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Wirral mum's humorous and heartbreaking take on frontline policing
A MEOLS mother who dedicated more than 20 years of her life to fighting crime has opened up about the highs and lows of frontline policing.
Handcuffs, Truncheon and A Primark Thong tells the story of Gina Kirkham’s alter ego, Mavis Upton – a thirty-something girl with a love of crisps and a deep hatred of big knickers.
The book – which former police constable Gina says is 25% true life, 25% true and 25% artistic licence – tells the story of Mavis and the satisfaction, heartbreak, fear and trepidation that comes with working in the police.
It starts with her early life and what shaped her to become the woman she is today, following her on her journey to join the police, the training and subsequent posting to a busy division.
“The book predominately shows the humorous side of her developing years, her career and her personal life,” said 55-year-old Gina.
“There are moments of poignancy and sadness but her penchant for Primark knickers, coral blush lipstick and her stoic nature sees her through all that life can throw at her.”
When Gina volunteered in the Special Constabulary in 1989 she never imagined the emotional rollercoaster she was about to embark on.
But now, after retiring from the force in 2012, Gina has put her life into words in the hope of sharing those emotions with the world, albeit through the eyes of Mavis.
“Being a police officer is an incredibly rewarding job and taking the time to care really can make a difference to the people you come into contact with on a daily basis,” said the mother-of-one.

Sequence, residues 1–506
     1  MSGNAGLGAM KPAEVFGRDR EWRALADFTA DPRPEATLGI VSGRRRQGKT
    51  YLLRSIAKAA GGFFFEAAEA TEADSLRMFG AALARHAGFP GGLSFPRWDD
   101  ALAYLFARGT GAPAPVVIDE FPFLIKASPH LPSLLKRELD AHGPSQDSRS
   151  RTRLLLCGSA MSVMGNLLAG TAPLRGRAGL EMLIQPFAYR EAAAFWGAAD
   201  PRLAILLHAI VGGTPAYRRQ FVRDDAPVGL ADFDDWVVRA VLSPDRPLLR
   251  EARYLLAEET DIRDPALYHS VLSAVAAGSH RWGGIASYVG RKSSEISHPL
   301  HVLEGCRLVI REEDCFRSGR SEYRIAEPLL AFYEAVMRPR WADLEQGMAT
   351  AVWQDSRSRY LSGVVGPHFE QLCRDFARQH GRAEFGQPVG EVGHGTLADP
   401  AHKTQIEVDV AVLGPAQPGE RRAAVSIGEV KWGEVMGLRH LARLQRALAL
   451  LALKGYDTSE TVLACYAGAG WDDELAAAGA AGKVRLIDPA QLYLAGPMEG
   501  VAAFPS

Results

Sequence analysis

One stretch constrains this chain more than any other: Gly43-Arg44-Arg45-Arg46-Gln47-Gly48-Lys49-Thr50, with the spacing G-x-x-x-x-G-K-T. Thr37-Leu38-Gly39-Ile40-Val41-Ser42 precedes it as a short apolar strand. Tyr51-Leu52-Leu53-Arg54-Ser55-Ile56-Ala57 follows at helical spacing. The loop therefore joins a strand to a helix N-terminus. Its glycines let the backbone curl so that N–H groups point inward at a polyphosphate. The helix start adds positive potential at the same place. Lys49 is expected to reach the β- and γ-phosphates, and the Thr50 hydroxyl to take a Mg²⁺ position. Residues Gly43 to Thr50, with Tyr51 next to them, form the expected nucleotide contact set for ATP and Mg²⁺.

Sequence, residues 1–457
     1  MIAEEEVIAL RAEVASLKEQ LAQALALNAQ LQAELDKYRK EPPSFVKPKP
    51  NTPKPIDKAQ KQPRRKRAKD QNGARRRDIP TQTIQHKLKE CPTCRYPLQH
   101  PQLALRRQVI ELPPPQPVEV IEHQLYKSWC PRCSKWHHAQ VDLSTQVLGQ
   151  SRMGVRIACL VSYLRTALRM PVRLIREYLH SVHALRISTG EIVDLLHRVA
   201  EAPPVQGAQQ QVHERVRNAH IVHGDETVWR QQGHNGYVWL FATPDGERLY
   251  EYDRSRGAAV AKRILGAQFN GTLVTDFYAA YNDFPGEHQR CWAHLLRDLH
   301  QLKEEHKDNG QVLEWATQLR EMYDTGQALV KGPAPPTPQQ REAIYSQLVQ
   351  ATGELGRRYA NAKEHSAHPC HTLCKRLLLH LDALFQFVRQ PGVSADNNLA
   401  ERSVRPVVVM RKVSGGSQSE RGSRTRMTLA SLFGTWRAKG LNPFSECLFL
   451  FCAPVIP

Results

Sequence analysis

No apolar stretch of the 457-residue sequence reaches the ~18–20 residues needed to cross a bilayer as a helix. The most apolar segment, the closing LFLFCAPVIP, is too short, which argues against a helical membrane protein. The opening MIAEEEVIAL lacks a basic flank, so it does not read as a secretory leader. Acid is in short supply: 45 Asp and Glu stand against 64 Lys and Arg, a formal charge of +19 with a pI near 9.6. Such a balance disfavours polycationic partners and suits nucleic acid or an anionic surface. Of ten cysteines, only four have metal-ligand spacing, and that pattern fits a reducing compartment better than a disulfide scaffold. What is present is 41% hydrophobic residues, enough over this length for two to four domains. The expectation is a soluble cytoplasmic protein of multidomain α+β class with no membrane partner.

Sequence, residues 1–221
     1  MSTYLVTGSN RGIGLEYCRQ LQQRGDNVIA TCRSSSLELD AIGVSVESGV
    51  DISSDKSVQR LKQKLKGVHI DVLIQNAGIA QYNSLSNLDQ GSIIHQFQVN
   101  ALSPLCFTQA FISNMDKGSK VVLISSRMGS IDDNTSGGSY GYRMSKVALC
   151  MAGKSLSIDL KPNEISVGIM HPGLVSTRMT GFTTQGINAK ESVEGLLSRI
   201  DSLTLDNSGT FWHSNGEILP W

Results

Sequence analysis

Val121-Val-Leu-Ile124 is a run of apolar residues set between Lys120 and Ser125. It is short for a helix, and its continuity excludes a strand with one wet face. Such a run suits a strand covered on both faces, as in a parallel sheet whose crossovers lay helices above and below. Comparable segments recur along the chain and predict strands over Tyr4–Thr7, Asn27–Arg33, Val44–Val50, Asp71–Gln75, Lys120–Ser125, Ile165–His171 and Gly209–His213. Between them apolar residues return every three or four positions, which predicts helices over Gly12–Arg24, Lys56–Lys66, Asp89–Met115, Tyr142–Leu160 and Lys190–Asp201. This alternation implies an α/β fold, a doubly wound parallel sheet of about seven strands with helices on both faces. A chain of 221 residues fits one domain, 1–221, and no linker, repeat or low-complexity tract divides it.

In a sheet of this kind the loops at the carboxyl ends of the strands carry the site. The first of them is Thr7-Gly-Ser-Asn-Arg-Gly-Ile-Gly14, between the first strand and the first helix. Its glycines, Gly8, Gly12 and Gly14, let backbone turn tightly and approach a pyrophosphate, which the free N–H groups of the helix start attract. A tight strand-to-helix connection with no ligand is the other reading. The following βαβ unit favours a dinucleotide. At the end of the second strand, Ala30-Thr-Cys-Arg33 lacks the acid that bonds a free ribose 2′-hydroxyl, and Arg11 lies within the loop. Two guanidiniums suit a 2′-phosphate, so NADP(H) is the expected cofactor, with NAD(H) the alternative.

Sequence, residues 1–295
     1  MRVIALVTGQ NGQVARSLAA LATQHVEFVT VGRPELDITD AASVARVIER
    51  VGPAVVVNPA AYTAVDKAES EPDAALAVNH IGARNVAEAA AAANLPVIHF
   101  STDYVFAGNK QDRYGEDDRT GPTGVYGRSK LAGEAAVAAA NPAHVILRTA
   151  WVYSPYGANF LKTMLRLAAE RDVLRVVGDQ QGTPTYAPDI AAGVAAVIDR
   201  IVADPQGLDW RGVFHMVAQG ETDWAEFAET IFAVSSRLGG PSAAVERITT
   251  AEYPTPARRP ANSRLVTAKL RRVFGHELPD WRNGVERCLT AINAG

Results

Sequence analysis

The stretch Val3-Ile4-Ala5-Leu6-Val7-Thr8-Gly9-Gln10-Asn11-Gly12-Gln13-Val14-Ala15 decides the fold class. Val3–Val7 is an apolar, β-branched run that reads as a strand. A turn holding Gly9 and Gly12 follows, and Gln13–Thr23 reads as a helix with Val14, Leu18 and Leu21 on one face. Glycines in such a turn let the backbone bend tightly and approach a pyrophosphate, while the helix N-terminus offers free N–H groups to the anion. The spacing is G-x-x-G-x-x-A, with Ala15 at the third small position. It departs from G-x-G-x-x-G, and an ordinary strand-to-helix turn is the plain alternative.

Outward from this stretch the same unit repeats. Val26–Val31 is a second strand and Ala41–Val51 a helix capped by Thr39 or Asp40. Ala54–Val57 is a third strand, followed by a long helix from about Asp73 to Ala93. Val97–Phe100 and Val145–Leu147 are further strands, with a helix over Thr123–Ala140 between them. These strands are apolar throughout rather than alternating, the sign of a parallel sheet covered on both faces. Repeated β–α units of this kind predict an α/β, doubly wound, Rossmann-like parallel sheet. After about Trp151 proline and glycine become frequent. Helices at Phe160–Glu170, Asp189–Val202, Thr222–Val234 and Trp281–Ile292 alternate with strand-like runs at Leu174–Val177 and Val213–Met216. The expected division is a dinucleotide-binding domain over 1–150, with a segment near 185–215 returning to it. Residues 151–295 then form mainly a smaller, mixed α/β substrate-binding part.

“Every day you can have job satisfaction and pride in what you achieve for victims mixed with heartbreak, fear, trepidation, anger and just plain frustration.
“It was not always easy to shut your locker door at the end of a shift, turn off and forget some of the incidents and people you have dealt with.
“Sometimes the way of coping was with laughter, and a sense of humour which I think is quite unique to all of the emergency services.”
It was that humour that kept Gina and her colleagues going.
She added: “There were so many incidents over the years that not only caused comic uproar at the time, but actually became ‘legends’ repeated by word of mouth many, many years after those involved had thrown in their Warrant Cards and retired.
“It was these stories, as much as the ones I was personally involved with, that inspired me – along with my workmates telling me ‘You really should write a book when you retire’. So I did.”
Since finishing the book, Gina – who received a number of awards during her career, including being named Merseyside Police Officer of the Year – has been bowled over by the response.
She said: “I wanted the reader to get to know and like Mavis and maybe see her as someone they would choose as a fun friend to have.
“It was also important that it was a light, enjoyable read, a book you could pick up, put down and still feel part of it when picking it up again.”
Gina’s blog containing stand-alone stories and sample chapters has also been greatly received with more than 12,000 hits and readers in 57 countries.
Mavis even has her own Twitter account with just over 1,400 followers.
Gina added: “I would love to be represented and traditionally published but I am only too aware of what a challenge road I am taking.
“When they say that writing the book is the easy bit, they’re not far wrong.
“My dream would be to see my book on the shelves of Waterstones, or my local Tesco in Bromborough or even better, WH Smith at Liverpool Airport on the way to my holidays – now that would really mean I’d arrived.”
To read more about Mavis, visit Gina's blog here or follow @MavisUpton on Twitter.
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